Archive for the ‘Pinterest Tutorials’ Category.
Pinned on May 9, 2012
Author Bio: Francesca is the founder of Credible Copywriting and has written for several organizations, including Internet start-ups, advertising agencies, and small businesses, just to name a few. She has helped individuals and entities put their names and messages out there by producing quality works in the form of articles, web content, video scripts, and more. Follow her on Twitter @francescastaana.
Pinterest has truly been a boon for online stores, because it allows them to showcase their products. The same goes for image-heavy websites and blogs that publish a lot of illustrations and infographics, because they can easily use Pinterest’s graphic-friendly interface to show off their content.
But what about text-heavy websites and blogs? If your site relies on the power of content rather than images, can you still take advantage of Pinterest to drive traffic? The short answer is yes.
You can still get a lot clicks and even repins for your blog posts simply by creating pin-worthy images for your content. Take a specific quote or an attention-grabbing line from your post and put it on top of an interesting image. Don’t worry; you don’t need heavy Photoshop skills or artistic flare to do this. Creating pinnable images for your posts can be done using a simple free web app called PicMonkey.
Here’s how to do it:
Step 1: Select a good image – Find an interesting graphic that can serve as a good backdrop for text. Be sure to use an image that you can legally alter and re-post to avoid ending up in copyright hot water. The best way to do this is to buy images, or to find pictures that are under the Creative Commons license. You can also use free images, like what I did in the example below, where I used a free typewrite template.
Step 2: Use PicMonkey to edit the image – Once you’ve selected and saved an image, head over to PicMonkey.com and upload it. You’ll then be taken to an online image editor where you can crop the image and toggle with its brightness and contrast settings. Feel free to play around with the toolbar on the left-hand side to see the effects and changes that you can apply to the picture. For the typewriter example, I didn’t apply any special effects; I simply covered the “Your text here…” blurb with a white opaque box.
Step 3: Use PicMonkey to add text – When you’re comfortable with the look and feel of the picture, you can now add the text.
Copy a line or two from the blog post that you wish to pin. It could be the title, a quick description of the post, or a witty statement. Then go back to PicMonkey and paste it. The text tool is the letter “P” button on the toolbar, and the fourth icon from the top.
Paste the text onto the box on the upper left part of the page, then click “Add”. Once you do this, you should see your text appear on top of the image together with a new menu that will allow you to edit the color, size, and alignment of the text. Click on the text box to drag and position the text on the image.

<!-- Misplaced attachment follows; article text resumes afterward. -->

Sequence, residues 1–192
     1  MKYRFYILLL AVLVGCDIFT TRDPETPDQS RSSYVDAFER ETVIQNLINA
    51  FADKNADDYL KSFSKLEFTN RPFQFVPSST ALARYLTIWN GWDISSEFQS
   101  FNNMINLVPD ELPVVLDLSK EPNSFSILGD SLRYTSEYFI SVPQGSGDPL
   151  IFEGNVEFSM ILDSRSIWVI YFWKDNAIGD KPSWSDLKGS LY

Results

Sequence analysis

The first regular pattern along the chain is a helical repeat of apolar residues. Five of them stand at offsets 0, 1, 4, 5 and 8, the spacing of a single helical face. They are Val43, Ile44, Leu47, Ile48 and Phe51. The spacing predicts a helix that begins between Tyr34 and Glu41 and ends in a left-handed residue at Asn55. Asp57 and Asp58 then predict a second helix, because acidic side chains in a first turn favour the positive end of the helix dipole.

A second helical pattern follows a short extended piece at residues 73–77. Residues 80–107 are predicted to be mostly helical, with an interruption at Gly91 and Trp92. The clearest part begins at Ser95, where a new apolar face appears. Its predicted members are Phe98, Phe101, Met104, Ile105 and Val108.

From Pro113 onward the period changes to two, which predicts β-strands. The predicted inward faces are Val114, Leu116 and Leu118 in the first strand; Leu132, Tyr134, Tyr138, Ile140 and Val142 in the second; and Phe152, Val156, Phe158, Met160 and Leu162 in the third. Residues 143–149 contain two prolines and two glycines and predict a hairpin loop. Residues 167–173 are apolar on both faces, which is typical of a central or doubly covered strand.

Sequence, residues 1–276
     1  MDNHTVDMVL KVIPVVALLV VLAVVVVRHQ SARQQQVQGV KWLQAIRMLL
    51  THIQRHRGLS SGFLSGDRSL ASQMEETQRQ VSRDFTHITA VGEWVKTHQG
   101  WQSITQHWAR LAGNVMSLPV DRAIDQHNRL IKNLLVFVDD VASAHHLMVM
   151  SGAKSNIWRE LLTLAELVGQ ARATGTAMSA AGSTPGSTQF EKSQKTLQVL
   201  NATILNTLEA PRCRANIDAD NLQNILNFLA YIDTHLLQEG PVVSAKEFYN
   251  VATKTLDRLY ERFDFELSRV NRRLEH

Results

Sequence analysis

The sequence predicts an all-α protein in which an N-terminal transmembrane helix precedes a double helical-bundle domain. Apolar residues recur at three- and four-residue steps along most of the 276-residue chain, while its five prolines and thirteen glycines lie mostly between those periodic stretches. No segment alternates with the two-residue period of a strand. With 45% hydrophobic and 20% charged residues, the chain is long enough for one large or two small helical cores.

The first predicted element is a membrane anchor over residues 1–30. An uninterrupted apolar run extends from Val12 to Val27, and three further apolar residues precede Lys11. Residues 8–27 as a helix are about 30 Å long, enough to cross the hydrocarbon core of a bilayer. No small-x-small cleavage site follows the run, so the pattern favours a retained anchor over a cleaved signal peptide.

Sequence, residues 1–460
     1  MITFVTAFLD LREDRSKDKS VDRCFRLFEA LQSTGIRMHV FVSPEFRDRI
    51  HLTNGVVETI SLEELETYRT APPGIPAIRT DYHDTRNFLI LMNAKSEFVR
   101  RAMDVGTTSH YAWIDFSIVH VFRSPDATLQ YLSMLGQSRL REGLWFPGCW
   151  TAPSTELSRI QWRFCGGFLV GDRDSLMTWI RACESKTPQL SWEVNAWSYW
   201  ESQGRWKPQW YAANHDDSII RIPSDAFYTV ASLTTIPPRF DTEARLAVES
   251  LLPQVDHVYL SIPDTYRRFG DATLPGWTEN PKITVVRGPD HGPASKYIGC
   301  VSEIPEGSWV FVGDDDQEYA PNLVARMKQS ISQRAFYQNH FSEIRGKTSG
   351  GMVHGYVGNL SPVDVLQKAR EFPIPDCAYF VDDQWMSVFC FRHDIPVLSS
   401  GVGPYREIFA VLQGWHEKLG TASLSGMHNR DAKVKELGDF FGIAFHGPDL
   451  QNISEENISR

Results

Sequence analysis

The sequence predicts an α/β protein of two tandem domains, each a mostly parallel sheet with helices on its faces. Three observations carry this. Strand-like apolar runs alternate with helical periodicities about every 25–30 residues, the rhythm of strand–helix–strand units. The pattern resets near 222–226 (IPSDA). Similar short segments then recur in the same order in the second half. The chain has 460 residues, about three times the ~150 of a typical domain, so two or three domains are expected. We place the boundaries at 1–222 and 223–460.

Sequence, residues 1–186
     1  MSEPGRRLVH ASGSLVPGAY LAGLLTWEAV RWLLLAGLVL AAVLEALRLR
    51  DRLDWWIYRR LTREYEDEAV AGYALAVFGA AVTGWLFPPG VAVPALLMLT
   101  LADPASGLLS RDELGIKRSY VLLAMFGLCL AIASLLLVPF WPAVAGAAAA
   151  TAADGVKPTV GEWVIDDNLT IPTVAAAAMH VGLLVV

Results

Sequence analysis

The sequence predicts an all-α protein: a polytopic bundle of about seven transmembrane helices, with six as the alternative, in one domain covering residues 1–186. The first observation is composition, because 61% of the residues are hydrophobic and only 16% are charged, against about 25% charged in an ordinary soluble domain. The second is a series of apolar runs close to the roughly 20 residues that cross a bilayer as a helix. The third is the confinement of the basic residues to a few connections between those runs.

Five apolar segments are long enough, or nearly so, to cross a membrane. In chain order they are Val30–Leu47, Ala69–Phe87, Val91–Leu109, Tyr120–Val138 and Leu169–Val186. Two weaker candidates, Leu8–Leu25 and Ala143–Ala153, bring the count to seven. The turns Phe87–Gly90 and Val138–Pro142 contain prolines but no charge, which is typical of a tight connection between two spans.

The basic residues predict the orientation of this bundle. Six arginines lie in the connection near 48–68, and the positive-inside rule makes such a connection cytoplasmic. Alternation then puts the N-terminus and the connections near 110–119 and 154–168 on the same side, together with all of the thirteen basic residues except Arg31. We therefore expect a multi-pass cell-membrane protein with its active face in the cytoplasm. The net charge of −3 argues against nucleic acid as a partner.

When you’re satisfied with the color, size, and position of the text, hit the save button on the lower left part of the page.
Step 4: Pin that awesome image! – Last, but certainly not least is uploading your masterpiece to Pinterest. Don’t forget to include a link to the actual blog post to make sure that people will be taken to your site when they click the pin.
There you have it. The 4 steps to making your blog posts more pin-worthy. It may take more effort, not to mention a little PicMonkey experimenting to get your images just right, but once you create a good image that turns heads on Pinterest, all that extra work will undoubtedly be worth it.
Editor’s Note: We loved Francesca‘s typewriter image. We saw it on a blog post she tweeted and then asked her to share how she created it. We’re a fan of tools like PicMonkey and Pinstamatic that help you add text to images. Images with text really sell your content on Pinterest!
Like this post? Please pin it!
Pinned on May 1, 2012
Editor’s note: This is a guest post from Ivo Madaleno, who blogs at Enjoy Living la Vida.
Ever since I agreed to do this post for pinnablebusiness.com I have been searching for a subject that was (P)interesting! In my searching I discovered a problem many businesses are having—integrating Pinterest into Facebook. For me this topic is extremely (P)interesting.
A popular question many businesses with a facebook page are wondering is:
HOW CAN WE LINK OUR FACEBOOK PAGE WITH OUR PINTEREST ACCOUNT?
The simple answer is that you can’t, at least not intuitively! Pinterest’s Help desk states rather clearly: “You can only use a personal Facebook profile with Pinterest. We recommend brands use a Twitter account to authenticate.”
So, according to Pinterest it is not possible to link your Pinterest profile with a Facebook Page. It is only a matter of time, I believe, before we see Pinterest releasing this feature. Unless, of course, Google decides it can’t live without Pinterest and buys it.
Most business have two options for resolving this issue: 1. Follow Pinterest’s Help Desk suggestions, or 2. Hacking their Facebook Page to at least iframe their Pinterest account. However, neither solution is a great solution.
Fortunately, with Woobox, a third party Facebook app, there is a way to add all your beautiful Pinterest things. It is actually rather simple and below I show in two videos how to do it.
Step 1: Activate Your Facebook Settings in Pinterest
Step 2: Add Woobox to Your Facebook Account
Once you have done these two steps you are ready to go. And now your Facebook Page is a lot more (P)interesting!
Enjoy Living la Vida!!!
Ivo Madaleno, a Portuguese entrepreneur, has had a colorful life in business. He started out playing for Portugal’s professional hockey team, and from there he started several companies in the food & wine industry. Currently he is helping businesses develop their online presence and social media engagement. Ivo is most notably know for his passion in life, which is portrayed in his new personal blog Enjoy Living la Vida.
Pinned on April 12, 2012